For 29.11.18

No-nonsense learning for you

For every thing that you do (below),

  1. Tell a real story about learning, and where you describe confronting a difficulty, seeking an answer, and coming up with a solution that you can put to use
  2. Explain the problem in your own words, as you would explain it to yourself and others and not simply what the MS Word Support or other pages say: link to them, but in your own words explain what one might find there, what is going on and so “know how” (not simply “how to”)
  3. Explain the principle, including some larger idea, method, concept, etc., that will apply to other things, so that this tiny discussion of inserting headers, for example, offers a key to understanding other parts of MS Word or applications more generally
  4. Create working notes, notes for you, and simply not for me, notes you can rely on when later you forget, test those notes, and be prepared to demonstrate your mastery of them

Spend serious time on this

Your portfolio takes the place of an exam, where you would study 10 or more hours, so spread those hours out over the semester, adding one to the two you are expected to do for a four hour class, plus one hour as you adapt the exercise to your purposes

Mastering MS Word

  • Shortcuts. For starters, create notes on the meaningful shortcuts that you have actually learned, not just copied: I will ask you to demonstrate your mastery in class; make notes like this: “Move: ⇧⌃↑↓” (copy and use my symbol list: ⌃⌥⌘ fn ⇧⇥ ⌫→←↑↓☐✓⇒☞ ↩︎ ⌤ √ )
  • Copying Styles. As we demonstrated in class, but do it over again and write up notes that you have tested, that you can be sure will work for your at some later time (when you’ve forgotten)
  • One or more other things about MS Word, by working through any or all of the Mastering the Outline View articles and where you learn how to look things up on your own, find interest, mastery and reward in building your understanding of this powerful application
  • Submit ONLY this week’s homework, save the rest for your final portfolio
  • If you are bored with the basics, learn how to insert and use Images

Read Head First SQL to learn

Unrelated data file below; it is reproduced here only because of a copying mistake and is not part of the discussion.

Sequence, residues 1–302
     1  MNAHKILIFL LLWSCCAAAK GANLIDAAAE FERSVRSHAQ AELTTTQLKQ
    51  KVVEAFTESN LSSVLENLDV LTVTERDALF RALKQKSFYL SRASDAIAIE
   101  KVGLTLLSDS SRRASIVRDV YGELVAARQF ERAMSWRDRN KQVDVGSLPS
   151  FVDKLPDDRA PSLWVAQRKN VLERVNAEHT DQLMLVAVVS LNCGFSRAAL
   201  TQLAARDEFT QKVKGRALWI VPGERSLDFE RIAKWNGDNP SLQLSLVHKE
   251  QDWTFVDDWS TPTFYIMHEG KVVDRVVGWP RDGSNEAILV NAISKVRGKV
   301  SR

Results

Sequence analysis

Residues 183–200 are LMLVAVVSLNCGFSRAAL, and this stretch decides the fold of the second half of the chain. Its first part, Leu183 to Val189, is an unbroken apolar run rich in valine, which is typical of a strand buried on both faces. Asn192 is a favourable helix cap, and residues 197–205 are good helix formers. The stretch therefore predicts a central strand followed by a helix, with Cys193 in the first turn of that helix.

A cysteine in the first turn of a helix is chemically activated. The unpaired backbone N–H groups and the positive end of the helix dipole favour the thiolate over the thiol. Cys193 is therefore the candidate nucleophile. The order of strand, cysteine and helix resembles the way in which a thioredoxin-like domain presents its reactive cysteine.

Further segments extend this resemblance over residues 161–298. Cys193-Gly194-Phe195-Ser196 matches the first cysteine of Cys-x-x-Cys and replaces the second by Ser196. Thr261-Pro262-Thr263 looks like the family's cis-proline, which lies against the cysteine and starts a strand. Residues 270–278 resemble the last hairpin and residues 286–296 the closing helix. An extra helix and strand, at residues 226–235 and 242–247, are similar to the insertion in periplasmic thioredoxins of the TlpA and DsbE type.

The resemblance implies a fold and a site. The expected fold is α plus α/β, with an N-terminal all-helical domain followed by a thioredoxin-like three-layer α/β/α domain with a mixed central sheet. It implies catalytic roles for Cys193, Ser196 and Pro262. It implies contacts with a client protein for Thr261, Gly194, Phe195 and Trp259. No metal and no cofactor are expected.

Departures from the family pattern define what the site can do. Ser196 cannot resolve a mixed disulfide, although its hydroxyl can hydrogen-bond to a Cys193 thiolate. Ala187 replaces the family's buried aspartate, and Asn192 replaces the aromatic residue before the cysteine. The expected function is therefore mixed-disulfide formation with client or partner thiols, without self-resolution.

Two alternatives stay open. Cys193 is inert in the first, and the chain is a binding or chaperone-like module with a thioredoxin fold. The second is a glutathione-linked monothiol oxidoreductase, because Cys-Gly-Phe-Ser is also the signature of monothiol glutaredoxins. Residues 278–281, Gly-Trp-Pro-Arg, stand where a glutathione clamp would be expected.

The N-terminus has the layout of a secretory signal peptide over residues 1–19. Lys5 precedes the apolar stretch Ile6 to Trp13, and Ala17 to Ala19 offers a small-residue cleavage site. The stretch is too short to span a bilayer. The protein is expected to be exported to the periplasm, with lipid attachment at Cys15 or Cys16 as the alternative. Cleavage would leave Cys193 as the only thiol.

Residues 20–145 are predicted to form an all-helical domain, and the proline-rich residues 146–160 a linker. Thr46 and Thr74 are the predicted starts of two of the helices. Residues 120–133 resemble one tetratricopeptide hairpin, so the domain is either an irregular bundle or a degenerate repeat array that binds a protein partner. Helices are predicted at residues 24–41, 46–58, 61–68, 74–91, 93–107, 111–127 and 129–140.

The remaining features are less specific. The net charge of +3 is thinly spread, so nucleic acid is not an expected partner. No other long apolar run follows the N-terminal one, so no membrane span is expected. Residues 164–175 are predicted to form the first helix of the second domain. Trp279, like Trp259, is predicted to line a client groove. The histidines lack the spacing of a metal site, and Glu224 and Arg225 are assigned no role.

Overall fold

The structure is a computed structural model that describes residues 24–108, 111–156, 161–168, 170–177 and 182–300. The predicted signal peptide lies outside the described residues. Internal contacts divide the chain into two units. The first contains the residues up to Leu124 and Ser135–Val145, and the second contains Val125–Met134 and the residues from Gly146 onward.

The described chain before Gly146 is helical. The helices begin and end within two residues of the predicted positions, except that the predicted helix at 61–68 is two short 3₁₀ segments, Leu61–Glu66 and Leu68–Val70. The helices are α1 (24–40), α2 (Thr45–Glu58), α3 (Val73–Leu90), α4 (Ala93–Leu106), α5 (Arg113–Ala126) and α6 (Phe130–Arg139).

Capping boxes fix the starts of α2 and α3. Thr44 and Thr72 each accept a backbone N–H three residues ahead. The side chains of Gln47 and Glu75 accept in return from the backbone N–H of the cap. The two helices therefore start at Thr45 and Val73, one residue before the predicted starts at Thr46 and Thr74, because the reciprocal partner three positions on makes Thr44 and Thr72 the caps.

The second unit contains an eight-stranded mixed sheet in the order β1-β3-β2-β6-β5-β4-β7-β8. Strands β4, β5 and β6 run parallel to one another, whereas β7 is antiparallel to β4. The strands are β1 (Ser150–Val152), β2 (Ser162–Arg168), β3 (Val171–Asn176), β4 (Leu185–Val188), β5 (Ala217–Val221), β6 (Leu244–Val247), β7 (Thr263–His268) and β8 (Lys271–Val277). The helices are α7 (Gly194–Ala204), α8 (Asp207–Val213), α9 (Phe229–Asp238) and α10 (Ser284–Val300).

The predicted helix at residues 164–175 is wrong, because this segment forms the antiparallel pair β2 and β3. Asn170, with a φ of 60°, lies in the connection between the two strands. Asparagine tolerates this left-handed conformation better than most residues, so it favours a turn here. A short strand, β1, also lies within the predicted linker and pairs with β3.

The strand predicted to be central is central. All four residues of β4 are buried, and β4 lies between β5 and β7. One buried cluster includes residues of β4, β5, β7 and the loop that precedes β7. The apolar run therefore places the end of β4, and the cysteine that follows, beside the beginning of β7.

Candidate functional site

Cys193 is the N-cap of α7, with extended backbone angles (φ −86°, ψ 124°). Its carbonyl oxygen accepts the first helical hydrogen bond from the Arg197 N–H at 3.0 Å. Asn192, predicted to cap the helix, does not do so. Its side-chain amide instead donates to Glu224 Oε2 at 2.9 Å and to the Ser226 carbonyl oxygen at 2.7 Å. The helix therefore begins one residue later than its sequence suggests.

As we practiced in class, read as much of the first chapter of Head First SQL as you can, but go slowly and practice:

  • Explain the pictures. Read them carefully and closely, so that you learn what they intend to convey, how differently they think about the problem than you do, and so to discover things about SQL that you had not thought of before: tell a story of your first impressions, how you learned to see two or three things you had not thought of, and so how you have learned to build on your impressions
  • Explain the concepts, the principles, the practices, and so the larger things that are going one, beginning with a comparison to what you know and, again, with how your understanding has changed, for example: what is a “table,” what does it remind you of, and looking closely at what they say, what is special about tables in a relational database? Do this for any concept or principle that catches your attention: ask what it is that makes a think so big!
  • Look for your real world example, as you will see that I have on my data bookmarks page, some fascinating use of database in business, so you might imagine how our little study of database language works out in the big world

Who is your (business) hero?

We all need heroes, guides to action, and we can find them just about anywhere, for example, as my friend Justinus Pieper finds them in the ancient philosophers, by looking up “most famous businesswomen” or “most famous businessmen” and looking for great examples, so that you might more easily imagine yourself learning as others have done